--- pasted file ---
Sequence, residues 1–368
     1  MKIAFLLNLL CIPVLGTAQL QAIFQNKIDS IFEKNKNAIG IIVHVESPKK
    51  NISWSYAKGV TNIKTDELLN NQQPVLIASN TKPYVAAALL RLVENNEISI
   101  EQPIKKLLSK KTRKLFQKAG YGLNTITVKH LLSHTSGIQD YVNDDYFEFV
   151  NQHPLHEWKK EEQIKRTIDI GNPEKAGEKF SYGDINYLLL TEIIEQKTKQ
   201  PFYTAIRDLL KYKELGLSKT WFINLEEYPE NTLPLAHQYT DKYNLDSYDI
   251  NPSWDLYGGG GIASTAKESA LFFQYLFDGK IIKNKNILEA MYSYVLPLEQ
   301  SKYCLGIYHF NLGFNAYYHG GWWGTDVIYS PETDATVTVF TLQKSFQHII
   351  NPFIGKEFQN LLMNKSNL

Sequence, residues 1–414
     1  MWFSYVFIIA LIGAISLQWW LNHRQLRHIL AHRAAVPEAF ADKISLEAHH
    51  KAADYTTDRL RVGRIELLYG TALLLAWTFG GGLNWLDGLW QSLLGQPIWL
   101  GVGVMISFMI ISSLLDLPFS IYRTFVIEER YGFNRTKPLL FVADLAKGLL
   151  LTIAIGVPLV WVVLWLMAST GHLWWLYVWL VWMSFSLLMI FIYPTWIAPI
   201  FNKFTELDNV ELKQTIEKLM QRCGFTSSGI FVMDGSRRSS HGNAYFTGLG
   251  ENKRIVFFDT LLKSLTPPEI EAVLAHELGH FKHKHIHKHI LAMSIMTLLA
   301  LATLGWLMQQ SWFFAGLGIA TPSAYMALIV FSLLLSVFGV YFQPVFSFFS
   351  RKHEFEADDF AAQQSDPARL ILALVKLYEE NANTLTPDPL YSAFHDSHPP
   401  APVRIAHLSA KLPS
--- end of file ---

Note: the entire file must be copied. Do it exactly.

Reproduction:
Sequence, residues 1–368
     1  MKIAFLLNLL CIPVLGTAQL QAIFQNKIDS IFEKNKNAIG IIVHVESPKK
    51  NISWSYAKGV TNIKTDELLN NQQPVLIASN TKPYVAAALL RLVENNEISI
   101  EQPIKKLLSK KTRKLFQKAG YGLNTITVKH LLSHTSGIQD YVNDDYFEFV
   151  NQHPLHEWKK EEQIKRTIDI GNPEKAGEKF SYGDINYLLL TEIIEQKTKQ
   201  PFYTAIRDLL KYKELGLSKT WFINLEEYPE NTLPLAHQYT DKYNLDSYDI
   251  NPSWDLYGGG GIASTAKESA LFFQYLFDGK IIKNKNILEA MYSYVLPLEQ
   301  SKYCLGIYHF NLGFNAYYHG GWWGTDVIYS PETDATVTVF TLQKSFQHII
   351  NPFIGKEFQN LLMNKSNL

Sequence, residues 1–414
     1  MWFSYVFIIA LIGAISLQWW LNHRQLRHIL AHRAAVPEAF ADKISLEAHH
    51  KAADYTTDRL RVGRIELLYG TALLLAWTFG GGLNWLDGLW QSLLGQPIWL
   101  GVGVMISFMI ISSLLDLPFS IYRTFVIEER YGFNRTKPLL FVADLAKGLL
   151  LTIAIGVPLV WVVLWLMAST GHLWWLYVWL VWMSFSLLMI FIYPTWIAPI
   201  FNKFTELDNV ELKQTIEKLM QRCGFTSSGI FVMDGSRRSS HGNAYFTGLG
   251  ENKRIVFFDT LLKSLTPPEI EAVLAHELGH FKHKHIHKHI LAMSIMTLLA
   301  LATLGWLMQQ SWFFAGLGIA TPSAYMALIV FSLLLSVFGV YFQPVFSFFS
   351  RKHEFEADDF AAQQSDPARL ILALVKLYEE NANTLTPDPL YSAFHDSHPP
   401  APVRIAHLSA KLPS